Ivory Bill

Written evidence submitted by Wildlife and Countryside Link (Link) (IVB20)

Wildlife and Countryside Link (Link)  brings together 48 environment and animal protection organisations to advocate for the conservation and protection of wildlife, the countryside and the marine environment. Link is the biggest coalition of environmental and animal protection organisations in England. Our members practice and advocate environmentally sensitive land management and high welfare standards for livestock and wildlife. They encourage respect for and enjoyment of natural landscapes and features, the historic and marine environment and biodiversity. Taken together we have the support of over eight million people in the UK and manage over 750,000 hectares of land.

This response is supported by the following organisations:

· Born Free Foundation

· Environmental Investigation Agency

· Four Paws UK

· International Fund for Animal Welfare

· Naturewatch Foundation


· Whale and Dolphin Conservation

This submission is made on behalf of Wildlife and Countryside Link’s Wildlife Crime and Trade Working Group. Note that a number of Link member organisations have also provided oral and/or written evidence to the Public Bill Committee, either individually or collectively.

1. We welcome the Government’s Ivory Bill as a positive commitment to addressing the scourge of poaching which continues to devastate elephant populations and threaten the very future of this iconic species. The Bill represents a strong response following overwhelming calls from wildlife organisations, politicians and the wider public for the UK to take decisive action on this issue of global importance.

2. We urge the Committee to ensure that the Bill will bring an end to all commercial trade in elephant ivory to, from and within the UK, with any exemptions being limited to circumstances that could not possibly have a negative impact on elephants. As such, exemptions need to be very limited, clearly defined, easily identified and tracked, and readily enforced.

3. We strongly recommend a highly precautionary approach to any commercial imports and exports of ivory items, or online trade which is very difficult to regulate.

4. The onus should fall on owners of items that may fall within exemptions who wish to sell them, to provide documentary proof of their legal acquisition and provenance, and to ensure items are clearly and individually identified on exemption certificates to prevent any possibility of laundering or misuse of certificates. APHA should be tasked with scrutinising all applications for registration of exempt items, which should not prove onerous since such items should be small in number, particularly those identified in Section 2 of the Bill which should be limited to the "rarest and most important" items of their type.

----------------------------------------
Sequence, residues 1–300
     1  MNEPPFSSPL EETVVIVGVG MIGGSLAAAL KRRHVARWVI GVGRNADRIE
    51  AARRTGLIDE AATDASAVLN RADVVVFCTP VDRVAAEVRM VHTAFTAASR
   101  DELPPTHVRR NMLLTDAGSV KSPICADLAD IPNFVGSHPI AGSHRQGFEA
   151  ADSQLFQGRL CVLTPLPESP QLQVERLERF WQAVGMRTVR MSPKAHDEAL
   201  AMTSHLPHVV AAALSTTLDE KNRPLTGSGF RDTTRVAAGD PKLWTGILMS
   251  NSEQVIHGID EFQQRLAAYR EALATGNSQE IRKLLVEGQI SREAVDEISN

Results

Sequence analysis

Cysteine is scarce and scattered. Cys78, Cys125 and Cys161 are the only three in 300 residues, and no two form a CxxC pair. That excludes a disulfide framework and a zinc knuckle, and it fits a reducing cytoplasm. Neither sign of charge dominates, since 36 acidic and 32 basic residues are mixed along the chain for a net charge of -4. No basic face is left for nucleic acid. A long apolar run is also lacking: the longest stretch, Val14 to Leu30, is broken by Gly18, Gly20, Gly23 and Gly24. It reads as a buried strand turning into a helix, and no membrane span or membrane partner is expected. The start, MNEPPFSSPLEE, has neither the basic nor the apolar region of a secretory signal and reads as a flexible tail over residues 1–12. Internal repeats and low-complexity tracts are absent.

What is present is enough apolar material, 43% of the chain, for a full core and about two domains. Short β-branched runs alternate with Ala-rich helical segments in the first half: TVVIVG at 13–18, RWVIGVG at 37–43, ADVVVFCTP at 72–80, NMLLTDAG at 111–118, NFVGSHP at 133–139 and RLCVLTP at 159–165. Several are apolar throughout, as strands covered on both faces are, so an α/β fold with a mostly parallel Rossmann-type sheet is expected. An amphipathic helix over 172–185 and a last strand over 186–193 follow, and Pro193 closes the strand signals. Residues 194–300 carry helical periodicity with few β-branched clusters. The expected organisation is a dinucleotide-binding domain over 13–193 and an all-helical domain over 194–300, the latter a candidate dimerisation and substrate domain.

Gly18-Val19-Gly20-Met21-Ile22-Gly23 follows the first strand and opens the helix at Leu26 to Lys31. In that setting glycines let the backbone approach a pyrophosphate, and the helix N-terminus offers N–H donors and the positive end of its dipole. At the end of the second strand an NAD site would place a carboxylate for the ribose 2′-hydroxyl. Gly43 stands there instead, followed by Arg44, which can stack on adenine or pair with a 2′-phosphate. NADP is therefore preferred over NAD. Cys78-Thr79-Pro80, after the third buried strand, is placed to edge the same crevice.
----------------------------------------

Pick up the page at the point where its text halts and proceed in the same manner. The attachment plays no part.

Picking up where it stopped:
5. The Bill should clearly specify that all trade in raw ivory is banned (i.e. raw ivory cannot be sold under any of the exemptions).

6. If possible the Bill should be enacted before the IWT conference in October 2018, and should take effect as soon as possible, in order to ensure the UK will be in a strong position to send a powerful message to other countries at that meeting.

7. While recognising the importance of securing a ban on elephant ivory, the Committee should be minded to ensure provisions are made to prevent perverse consequences for other ivory-bearing species such as hippo, narwhal and walrus.

8. Adequate resourcing of licensing and enforcement authorities, including the APHA, National Wildlife Crime Unit, and Border Force CITES team, and raising awareness of the new rules, will be critical to the effectiveness of the legislation.

9. With regard to sanctions, we note that the bill follows the modern process of allowing offences to be dealt with by civil sanction or through the criminal courts. The agency(ies) responsible for investigating offences under this Bill, and imposition of civil sanctions, need to be clearly identified, with a clear mandate for such offences to be given a high priority.

10. Any guidance accompanying the Bill will be critical and stakeholders should have the opportunity to provide input into its development. Wildlife and Countryside Link stands ready to provide further information and participate in guidance development.

June 2018


Prepared 19th June 2018